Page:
Group files complaint to halt city’s rail proposal
A group of critics against Mayor Mufi Hannemann's proposal for a rail system filed a complaint yesterday with the Federal Transit Administration, saying city officials are lying to the public and requesting a hold in federal funding for a project they say is likely to fail.
The group, named honolulutraffic.com, submitted a list called "21 lies," in which they dissected statements made by city transportation planner Toru Hamayasu and City Councilman Gary Okino on a recent PBS television show, "Island Insights."
"We are being swindled by our own government," the letter to the federal agency said. "We are complaining to the FTA because you should know the city administration is lying, trying to fool the public with false information and recklessly proceeding with a project that in all likelihood will never be fully completed, wasting huge amounts of taxpayer money."
Hamayasu, who received most of the group's criticism, disputed the allegations and does not fear that there will be retribution because of the formal complaint, such as a loss in federal funding.
"When you look at the type of complaint they're filing, I seriously doubt that anyone with a technical background would find it valid," Hamayasu said yesterday. "We stand by everything we say."
The group, whose members have testified against rail at community and City Council meetings, is pushing for High-Occupancy and Toll Lanes (HOT Lanes), an elevated highway system where vehicles, excluding buses and van pools, would have to pay toll fees.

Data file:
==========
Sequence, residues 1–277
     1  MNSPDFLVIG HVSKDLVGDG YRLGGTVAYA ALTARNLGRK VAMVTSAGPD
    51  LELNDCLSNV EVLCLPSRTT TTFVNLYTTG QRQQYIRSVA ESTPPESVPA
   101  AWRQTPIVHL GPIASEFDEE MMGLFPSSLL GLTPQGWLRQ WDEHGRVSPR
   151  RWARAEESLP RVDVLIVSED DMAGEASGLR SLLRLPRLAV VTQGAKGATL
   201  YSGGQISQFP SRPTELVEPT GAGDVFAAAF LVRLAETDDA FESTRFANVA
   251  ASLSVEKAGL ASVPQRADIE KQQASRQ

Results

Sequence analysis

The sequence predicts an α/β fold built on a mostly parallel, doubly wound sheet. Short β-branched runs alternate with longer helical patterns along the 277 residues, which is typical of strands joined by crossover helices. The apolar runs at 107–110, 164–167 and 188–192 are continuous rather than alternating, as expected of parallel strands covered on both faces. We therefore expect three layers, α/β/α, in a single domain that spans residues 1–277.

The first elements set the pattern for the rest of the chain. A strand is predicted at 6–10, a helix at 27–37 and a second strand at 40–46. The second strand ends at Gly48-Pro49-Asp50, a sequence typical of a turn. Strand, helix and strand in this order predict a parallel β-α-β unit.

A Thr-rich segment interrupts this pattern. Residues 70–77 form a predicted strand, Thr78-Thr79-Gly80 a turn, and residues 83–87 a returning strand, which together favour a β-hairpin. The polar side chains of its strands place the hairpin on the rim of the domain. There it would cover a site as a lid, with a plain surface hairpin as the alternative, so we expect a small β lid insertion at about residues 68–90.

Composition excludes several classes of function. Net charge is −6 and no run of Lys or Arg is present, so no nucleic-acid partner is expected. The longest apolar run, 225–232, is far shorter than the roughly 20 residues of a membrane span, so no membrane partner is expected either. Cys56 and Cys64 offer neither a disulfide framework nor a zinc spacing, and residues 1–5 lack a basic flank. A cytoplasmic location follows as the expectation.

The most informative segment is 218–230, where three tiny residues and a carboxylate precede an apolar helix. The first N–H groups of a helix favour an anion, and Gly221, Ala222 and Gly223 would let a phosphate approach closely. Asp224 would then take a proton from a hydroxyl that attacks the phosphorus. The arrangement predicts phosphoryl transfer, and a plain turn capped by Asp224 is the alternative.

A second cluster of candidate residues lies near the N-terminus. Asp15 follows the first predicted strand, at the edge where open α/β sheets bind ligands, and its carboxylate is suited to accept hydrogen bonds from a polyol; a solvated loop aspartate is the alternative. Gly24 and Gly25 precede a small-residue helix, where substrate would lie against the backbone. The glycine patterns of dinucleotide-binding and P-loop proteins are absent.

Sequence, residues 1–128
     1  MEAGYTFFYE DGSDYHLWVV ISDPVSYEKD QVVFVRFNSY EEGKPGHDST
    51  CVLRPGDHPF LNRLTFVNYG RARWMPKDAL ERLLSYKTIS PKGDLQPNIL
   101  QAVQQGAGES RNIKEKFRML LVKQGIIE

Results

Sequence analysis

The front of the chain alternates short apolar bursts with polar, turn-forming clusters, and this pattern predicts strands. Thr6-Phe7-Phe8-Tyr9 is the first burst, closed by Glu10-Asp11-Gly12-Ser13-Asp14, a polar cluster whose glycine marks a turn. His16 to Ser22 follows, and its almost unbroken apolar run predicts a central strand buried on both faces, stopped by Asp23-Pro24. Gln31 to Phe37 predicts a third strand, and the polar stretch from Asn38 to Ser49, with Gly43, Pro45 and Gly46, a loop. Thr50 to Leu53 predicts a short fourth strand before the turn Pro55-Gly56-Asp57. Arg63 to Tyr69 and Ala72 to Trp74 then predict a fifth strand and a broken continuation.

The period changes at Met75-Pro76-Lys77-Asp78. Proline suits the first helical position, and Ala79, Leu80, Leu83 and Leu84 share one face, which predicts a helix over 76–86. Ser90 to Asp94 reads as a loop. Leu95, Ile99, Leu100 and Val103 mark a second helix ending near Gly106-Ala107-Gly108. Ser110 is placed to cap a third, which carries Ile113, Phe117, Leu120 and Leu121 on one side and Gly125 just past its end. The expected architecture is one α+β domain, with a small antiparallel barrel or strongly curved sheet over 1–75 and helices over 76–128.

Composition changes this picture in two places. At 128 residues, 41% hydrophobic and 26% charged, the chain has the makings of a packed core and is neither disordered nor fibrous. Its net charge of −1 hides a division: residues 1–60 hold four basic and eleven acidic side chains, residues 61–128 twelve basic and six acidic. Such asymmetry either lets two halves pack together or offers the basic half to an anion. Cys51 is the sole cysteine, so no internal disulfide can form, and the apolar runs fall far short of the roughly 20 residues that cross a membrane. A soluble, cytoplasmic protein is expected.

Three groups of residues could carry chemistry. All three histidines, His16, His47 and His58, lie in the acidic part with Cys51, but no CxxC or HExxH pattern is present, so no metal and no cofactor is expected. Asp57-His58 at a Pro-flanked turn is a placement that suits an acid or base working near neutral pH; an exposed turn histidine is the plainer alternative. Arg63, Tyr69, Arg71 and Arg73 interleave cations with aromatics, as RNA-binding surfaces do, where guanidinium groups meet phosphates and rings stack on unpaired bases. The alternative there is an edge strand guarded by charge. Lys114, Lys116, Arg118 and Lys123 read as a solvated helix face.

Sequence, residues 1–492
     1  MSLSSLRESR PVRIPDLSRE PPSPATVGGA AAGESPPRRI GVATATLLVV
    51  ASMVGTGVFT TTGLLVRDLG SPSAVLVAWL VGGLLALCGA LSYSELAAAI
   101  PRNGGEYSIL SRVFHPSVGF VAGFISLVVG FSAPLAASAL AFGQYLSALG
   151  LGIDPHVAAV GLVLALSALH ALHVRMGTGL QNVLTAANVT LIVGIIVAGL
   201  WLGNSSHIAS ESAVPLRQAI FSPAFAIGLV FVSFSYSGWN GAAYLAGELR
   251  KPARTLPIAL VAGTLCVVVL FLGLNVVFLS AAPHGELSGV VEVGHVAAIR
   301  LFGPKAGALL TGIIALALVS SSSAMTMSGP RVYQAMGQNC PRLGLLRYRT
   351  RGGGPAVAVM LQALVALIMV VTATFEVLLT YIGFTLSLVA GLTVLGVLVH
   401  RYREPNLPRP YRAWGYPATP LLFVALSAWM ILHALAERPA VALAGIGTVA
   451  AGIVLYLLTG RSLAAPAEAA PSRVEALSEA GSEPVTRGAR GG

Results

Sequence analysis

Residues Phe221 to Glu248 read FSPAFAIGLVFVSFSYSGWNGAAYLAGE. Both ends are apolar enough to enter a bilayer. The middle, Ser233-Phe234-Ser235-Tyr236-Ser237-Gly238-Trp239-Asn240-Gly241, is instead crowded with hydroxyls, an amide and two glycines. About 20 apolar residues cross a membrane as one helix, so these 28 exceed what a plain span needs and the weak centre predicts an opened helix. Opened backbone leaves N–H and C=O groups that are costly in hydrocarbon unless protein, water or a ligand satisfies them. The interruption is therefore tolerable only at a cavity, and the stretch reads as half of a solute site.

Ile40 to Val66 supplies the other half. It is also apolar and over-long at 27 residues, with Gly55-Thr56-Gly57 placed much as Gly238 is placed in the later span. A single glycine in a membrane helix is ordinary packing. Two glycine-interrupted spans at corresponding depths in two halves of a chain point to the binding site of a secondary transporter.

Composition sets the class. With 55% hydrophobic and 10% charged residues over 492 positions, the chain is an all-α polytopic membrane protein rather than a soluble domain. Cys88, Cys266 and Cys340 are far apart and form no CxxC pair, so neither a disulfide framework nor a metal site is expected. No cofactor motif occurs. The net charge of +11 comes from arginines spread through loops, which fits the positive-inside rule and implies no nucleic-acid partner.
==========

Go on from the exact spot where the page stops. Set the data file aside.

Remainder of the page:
In "21 lies" some of the group's allegations include the city's exaggerations of HOT Lane cost to $2.6 billion whereas the group estimates the cost at $900 million, based on a similar structure in Tampa, Fla., and a prejudice toward rail by saying it is the best option when not properly including alternatives.
The group also wants the city to stop working on a draft environmental impact statement so it could include HOT Lanes in such a report.
"Times have changed," said Panos Prevedouros, a honolulutraffic.com member and a University of Hawaii-Manoa professor who studies traffic patterns. "We are going from a mass transit model to individual models. Sardine kinds of transportation is not going to work."
But Hamayasu contends that the city considered HOT Lanes beginning in November 2005 among other scenarios, including an elevated fixed guideway system and not to build anything at all. The City Council excluded HOT Lanes in a vote last December, Hamayasu said.
Hamayasu said HOT Lanes are at this point essentially no longer an option for the city's plans.
The city expects to complete a draft environmental impact statement by June. The City Council will vote on technology of the fixed guideway system -- including a bus rapid transit system and rail -- before the city starts on its final environmental impact statement.